5 Questions Interview



Marshall Crenshaw

by Ryan Meehan
Born in Detroit, Michigan, Marshall Crenshaw began playing guitar at age ten and he received his first break playing John Lennon in the off-Broadway company of Beatlemania.  Living in NYC in the early eighties, he recorded the single “Something’s Gonna Happen” for Alan Betrock’s Shake Records, which led to a deal with Warner Brothers Records. His debut album, “Marshall Crenshaw” was acclaimed as a pop masterpiece upon its release in 1982 and established him as a first-rate songwriter, singer and guitarist.  The record spawned the Top 40 single “Someday, Someway,” which rockabilly singer Robert Gordon scored a hit with a year earlier. Crenshaw’s second album, 1983’s Field Day, was another critical smash and led to a successful slate of 20-plus years of studio recordings that offered a fascinating evolutionary journey through an array of musical landscapes.  In 1987, he played Buddy Holly in the Richie Valens biopic “La Bamba.”  Since that time, he has went on to record six other studio albums, the latest of which was 2009’s “Jaggedland” and we are proud to have him as our guest this week in 5 Questions.
FOH:  When it comes to songwriting, which musician has been the most influential to you over the years and why?  
MC:  Myself I guess; at this point I can’t name anybody else specifically…I just try and write something that makes me go “OK, absolutely…”


Crenshaw performing live

FOH:  In 2007, you wrote the title track from the film “Walk Hard:  The Dewey Cox Story”.  How did that come about?    
MC:  It happened when one person that I didn’t know and another person that I’d once talked to on the phone but had never met were talking to each other and my name came up.  The two people were (music supervisor) Tom Wolfe and Jake Guaralnick; Jake manages Nick Lowe, Olabelle, others I think..  I did meet Jake a couple years later and thanked him for dropping my name, which was purely a random act on his part.  Tom was asking various songwriters to get involved with the project and I wound up doing the theme song…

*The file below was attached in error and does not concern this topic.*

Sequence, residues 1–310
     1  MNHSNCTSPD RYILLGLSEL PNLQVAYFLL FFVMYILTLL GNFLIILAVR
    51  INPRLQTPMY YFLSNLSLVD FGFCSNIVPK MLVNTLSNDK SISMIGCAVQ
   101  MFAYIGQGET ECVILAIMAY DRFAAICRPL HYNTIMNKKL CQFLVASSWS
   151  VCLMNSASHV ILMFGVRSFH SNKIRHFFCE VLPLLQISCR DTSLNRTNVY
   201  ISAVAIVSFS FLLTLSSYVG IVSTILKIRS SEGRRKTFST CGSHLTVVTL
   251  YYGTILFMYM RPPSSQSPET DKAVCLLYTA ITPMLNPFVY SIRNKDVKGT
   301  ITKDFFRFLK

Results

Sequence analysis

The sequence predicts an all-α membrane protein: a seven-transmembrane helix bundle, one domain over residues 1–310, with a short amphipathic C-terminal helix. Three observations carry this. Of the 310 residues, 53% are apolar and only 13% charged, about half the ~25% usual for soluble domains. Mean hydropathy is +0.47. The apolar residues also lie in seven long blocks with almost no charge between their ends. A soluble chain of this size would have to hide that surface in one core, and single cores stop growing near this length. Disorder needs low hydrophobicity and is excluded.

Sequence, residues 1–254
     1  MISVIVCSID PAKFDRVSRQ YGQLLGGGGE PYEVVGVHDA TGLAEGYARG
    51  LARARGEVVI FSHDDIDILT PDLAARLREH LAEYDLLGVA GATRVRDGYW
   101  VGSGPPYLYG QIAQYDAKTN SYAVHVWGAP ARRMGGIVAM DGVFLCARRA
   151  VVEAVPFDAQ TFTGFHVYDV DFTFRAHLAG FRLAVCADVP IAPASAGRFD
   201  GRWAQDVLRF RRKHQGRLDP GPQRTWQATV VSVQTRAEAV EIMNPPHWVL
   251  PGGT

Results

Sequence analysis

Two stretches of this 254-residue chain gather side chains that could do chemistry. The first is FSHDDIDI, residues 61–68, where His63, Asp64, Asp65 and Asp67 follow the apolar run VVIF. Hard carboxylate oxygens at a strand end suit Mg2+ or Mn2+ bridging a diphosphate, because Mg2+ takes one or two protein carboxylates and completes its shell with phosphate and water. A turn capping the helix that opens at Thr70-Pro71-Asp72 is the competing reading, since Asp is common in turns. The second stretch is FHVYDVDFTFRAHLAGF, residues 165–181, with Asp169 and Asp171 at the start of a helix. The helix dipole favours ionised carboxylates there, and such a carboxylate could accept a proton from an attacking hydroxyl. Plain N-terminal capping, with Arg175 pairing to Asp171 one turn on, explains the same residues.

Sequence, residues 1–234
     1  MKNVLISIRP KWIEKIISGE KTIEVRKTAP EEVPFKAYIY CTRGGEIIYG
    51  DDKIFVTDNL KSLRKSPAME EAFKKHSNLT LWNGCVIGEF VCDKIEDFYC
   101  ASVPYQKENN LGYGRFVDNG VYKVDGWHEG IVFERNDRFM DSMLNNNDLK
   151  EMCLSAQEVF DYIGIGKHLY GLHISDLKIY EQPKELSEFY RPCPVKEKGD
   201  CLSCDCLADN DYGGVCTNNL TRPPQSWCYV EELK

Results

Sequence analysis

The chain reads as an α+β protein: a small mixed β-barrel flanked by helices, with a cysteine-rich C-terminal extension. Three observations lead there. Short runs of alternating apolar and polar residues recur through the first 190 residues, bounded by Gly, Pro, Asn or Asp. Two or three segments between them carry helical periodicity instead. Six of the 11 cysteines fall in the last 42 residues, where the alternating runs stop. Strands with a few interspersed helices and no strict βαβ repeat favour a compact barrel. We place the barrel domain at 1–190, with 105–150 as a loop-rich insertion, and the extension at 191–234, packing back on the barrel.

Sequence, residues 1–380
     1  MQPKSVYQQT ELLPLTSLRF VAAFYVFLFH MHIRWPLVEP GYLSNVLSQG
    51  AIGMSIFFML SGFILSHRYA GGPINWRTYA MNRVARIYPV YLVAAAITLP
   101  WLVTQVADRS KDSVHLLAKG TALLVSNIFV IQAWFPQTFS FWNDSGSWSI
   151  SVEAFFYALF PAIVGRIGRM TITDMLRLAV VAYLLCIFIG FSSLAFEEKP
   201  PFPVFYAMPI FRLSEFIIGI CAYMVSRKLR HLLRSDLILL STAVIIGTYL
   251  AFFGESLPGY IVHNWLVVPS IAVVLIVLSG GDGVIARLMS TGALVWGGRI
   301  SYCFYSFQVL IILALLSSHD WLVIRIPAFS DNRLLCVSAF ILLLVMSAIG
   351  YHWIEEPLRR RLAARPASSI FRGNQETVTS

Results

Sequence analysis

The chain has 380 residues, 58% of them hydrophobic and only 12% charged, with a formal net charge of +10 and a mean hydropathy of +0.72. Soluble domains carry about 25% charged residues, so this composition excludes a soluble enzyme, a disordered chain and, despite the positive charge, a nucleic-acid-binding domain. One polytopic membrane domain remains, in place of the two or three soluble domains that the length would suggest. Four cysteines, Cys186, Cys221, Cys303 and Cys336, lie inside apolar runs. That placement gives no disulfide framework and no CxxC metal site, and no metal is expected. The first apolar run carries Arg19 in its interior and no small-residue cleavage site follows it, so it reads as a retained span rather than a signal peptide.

Marshall at Maplewoodstock

FOH:  You host a radio program called “The Bottomless Pit” on New York’s WFUV station.  (90.7)  Could you tell us a little bit about that show?   
MC:  It’s on at 10 PM EST, Saturdays, and it’s just me running my mouth (hopefully not too much) and playing items from my personal record collection, which is pretty diverse.  It’s kind of singular I think, and people tell me that they love it… 


FOH:  Over the years you’ve had several artists cover your songs, most notably Ronnie Spector.  What goes through your mind the first time you hear another artist perform their interpretation of one of your songs?
MC:  It really varies, anything from “OUCH, NO, STOP!!”, to “ahh, yesss…”  With Ronnie it was the latter…
FOH:  What’s next for Marshall Crenshaw in the twelve months to come?  
MC:  I have a great recording project in the works:   A subscription package w/ a new 3 song EP every four months over the next 2 years, vinyl and downloads.  The first one goes out on July 26th and I really love it…Tomorrow morning is the mastering session, with the great Greg Calbi..  
You can check out Marshall Crenshaw at the City Winery in New York City Thursday, June 21st or check out either of the links below for insight on a truly amazing career.  

Marshall Crenshaw’s official website:  http://www.marshallcrenshaw.com/

The Bottomless Pit:  http://www.wfuv.org/programs/bottomless-pit

Once again thanks for visiting First Order Historians and enjoying more of the internet’s finest in user generated content.   


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